From there we moved on to Buffalo Gap at the foot of the Hills, and my father and I went out alone to look for deer. We climbed up through the timber to the top of a big hill, and it was hard for my father, who was lame from the wound he got in the Battle of the Hundred Slain. When we were on top, my father looked down and said: "There are some yonder. You stay here, and I will go around them." Then the queer feeling came back, and I said without knowing why I said it: "No, father, stay here; for they are bringing them to us." He looked at me hard, and said: "Who is bringing them?" I could not answer; and after he had looked hard at me again, he said: "All right, son." So we lay down there in the grass and waited. They did come to us, and my father got two of them.

While we were butchering and I was eating some liver, I felt sorry that we had killed these animals and thought that we ought to do something in return. So I said: "Father, should we not offer one of these to the wild things?" He looked hard at me again for a while. Then he placed one of the deer with its head to the east, and, facing the west, he raised his hand and cried, " Hey-hey" four times and prayed like this: "Grandfather, the Great Spirit, behold me! To all the wild things that eat flesh, this I have offered that my people may live and the children grow up with plenty."

That was another happy summer, for the big trouble had not come yet. We cut plenty of tepee poles up along the creeks that came down the east side of the Black Hills, and there was all we wanted to eat, for the Hills were like a big food pack for our people. Iron Bull, a little boy my age, and I had great fun fishing. We always made an offering of bait to the fish, saying: "You who are down in the water with wings of red, I offer this to you; so come hither." Then when we caught the first fish, we would put it on a forked stick and kiss it. If we did not do this, we were sure the others would know and stay away. If we caught a little fish, we would kiss it and throw it back, so that it would not go and frighten the bigger fish. I don't know whether all this helped or not, but we always got plenty of fish, and our parents were proud of us. We tried to catch as many as we could so that people would think much of us.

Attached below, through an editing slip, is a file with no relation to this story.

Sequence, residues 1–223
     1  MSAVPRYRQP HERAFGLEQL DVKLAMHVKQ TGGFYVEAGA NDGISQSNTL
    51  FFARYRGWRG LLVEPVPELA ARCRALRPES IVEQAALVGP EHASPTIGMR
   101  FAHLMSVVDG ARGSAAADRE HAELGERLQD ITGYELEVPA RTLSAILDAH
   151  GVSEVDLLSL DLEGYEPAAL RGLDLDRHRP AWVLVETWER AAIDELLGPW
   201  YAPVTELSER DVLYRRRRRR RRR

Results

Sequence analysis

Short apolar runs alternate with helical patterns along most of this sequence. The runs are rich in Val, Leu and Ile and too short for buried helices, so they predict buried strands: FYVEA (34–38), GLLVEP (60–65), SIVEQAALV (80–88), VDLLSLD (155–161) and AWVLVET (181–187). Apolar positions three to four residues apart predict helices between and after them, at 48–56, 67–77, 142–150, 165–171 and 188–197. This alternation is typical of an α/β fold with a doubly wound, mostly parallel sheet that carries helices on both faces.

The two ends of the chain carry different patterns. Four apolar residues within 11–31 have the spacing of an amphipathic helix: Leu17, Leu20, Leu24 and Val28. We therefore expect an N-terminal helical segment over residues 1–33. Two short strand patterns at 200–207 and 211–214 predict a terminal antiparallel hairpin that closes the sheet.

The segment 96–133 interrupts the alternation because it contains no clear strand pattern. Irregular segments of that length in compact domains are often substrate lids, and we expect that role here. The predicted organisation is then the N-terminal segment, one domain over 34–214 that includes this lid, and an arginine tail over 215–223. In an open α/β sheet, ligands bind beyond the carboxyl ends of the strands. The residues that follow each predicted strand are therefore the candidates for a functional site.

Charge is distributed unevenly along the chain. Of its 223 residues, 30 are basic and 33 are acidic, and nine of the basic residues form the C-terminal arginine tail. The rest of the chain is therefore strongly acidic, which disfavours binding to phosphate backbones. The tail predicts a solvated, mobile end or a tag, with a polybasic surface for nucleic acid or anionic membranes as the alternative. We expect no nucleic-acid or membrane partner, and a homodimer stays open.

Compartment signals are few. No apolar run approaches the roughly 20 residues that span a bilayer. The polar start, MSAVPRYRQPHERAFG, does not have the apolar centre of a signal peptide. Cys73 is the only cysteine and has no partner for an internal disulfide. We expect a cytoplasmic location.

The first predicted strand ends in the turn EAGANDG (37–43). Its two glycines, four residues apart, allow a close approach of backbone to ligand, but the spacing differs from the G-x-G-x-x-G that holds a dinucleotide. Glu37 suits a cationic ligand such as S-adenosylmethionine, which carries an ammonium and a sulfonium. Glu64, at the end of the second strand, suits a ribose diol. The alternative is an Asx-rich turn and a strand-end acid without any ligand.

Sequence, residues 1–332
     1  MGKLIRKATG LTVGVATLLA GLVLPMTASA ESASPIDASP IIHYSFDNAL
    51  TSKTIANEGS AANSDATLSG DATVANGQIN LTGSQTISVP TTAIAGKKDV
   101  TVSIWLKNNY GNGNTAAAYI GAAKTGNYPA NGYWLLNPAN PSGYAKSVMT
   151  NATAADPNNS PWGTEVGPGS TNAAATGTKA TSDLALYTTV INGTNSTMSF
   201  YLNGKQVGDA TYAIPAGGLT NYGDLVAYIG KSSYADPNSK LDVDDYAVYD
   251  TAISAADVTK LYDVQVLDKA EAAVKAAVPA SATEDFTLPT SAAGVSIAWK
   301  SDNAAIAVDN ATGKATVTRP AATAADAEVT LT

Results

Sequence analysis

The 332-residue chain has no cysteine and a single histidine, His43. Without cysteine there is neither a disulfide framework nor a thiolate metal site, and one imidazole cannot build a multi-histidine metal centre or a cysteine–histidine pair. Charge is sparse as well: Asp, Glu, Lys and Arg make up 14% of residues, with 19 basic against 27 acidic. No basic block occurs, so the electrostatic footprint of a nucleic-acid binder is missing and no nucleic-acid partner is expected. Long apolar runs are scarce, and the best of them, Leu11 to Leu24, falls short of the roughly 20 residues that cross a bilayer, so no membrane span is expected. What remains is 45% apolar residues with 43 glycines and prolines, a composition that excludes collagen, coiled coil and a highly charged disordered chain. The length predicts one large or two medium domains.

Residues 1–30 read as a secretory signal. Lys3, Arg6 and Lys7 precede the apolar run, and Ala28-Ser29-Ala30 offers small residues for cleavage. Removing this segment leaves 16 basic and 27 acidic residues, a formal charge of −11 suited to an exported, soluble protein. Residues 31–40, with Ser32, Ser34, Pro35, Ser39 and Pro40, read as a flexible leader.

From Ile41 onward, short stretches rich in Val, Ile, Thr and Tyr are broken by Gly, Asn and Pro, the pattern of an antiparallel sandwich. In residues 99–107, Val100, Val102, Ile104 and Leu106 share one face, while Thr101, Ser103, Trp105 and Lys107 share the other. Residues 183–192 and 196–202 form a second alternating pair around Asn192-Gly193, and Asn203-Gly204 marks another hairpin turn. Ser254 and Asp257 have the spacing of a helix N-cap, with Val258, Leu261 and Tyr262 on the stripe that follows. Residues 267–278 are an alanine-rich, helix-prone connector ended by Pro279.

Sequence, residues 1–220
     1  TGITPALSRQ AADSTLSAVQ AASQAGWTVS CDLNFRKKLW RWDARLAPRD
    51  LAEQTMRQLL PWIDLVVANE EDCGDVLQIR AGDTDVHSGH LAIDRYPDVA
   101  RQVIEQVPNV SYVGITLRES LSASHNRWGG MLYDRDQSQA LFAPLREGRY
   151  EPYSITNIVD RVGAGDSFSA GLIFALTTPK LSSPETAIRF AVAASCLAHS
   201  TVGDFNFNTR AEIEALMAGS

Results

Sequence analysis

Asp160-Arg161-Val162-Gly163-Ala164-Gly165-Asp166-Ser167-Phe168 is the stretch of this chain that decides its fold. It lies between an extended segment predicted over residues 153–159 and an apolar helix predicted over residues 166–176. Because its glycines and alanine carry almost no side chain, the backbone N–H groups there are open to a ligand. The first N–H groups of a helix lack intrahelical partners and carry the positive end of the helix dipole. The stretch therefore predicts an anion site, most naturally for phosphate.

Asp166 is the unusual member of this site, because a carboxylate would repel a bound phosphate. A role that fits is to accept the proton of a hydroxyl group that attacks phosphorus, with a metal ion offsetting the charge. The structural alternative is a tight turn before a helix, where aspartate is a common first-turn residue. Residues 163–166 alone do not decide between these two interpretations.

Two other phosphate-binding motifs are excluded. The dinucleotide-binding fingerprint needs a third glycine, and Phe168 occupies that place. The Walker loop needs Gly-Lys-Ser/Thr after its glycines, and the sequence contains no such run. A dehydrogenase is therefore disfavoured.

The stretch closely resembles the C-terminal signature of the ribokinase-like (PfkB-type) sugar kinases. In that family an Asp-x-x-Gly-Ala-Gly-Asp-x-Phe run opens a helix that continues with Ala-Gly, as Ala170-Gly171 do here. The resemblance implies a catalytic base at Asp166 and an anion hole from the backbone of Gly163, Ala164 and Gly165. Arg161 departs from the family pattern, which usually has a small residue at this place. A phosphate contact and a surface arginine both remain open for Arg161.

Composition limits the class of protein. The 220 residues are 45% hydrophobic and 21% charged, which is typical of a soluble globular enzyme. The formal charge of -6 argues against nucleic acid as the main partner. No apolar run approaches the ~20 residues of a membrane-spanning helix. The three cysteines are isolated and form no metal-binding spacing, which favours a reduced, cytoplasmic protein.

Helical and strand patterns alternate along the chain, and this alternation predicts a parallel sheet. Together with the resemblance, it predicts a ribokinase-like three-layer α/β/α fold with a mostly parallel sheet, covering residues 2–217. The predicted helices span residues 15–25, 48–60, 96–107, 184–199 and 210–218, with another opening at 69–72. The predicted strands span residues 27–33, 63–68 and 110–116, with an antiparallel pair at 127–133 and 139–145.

There was a man by the name of Watanye who was good at spearing fish, and he had very sore lips so that he did not dare to laugh. They were cracked all around his mouth. People would try to make him laugh, but he would just walk away from them. One day he said to me: "Younger brother, I will show you how to spear fish." So we went up the creek, and there was a fish this long [to his elbow] lying in a pool. "Take the spear," Watanye said, "and strike deep, for they are always farther down than they look." I took the spear and thrust with it as hard as I could; but the clear water was much deeper than it seemed. I missed and went over head-first into the cold pool. When I scrambled out, Watanye was all doubled up, hugging his belly, and going "hunh, hunh, hunh!" Blood was running down his chin. He ran away as fast as he could, and for a long while after that, whenever he saw me coming, he would turn and run, so that he would not have to laugh again. Once I hid in a bush until he came along, just to see him run when I jumped out.

I think Watanye liked me a good deal, because he often used to take me out alone to fish or hunt, and he was always teaching me things. Also, he liked to tell me stories, mostly funny ones when he did not have sore lips. I still remember one story he told me about a young Lakota called High Horse, and what a hard time he had getting the girl he wanted. Watanye said the story happened just as he told it, and maybe it did. If it did not, it could have, just as well as not. I will tell that story now.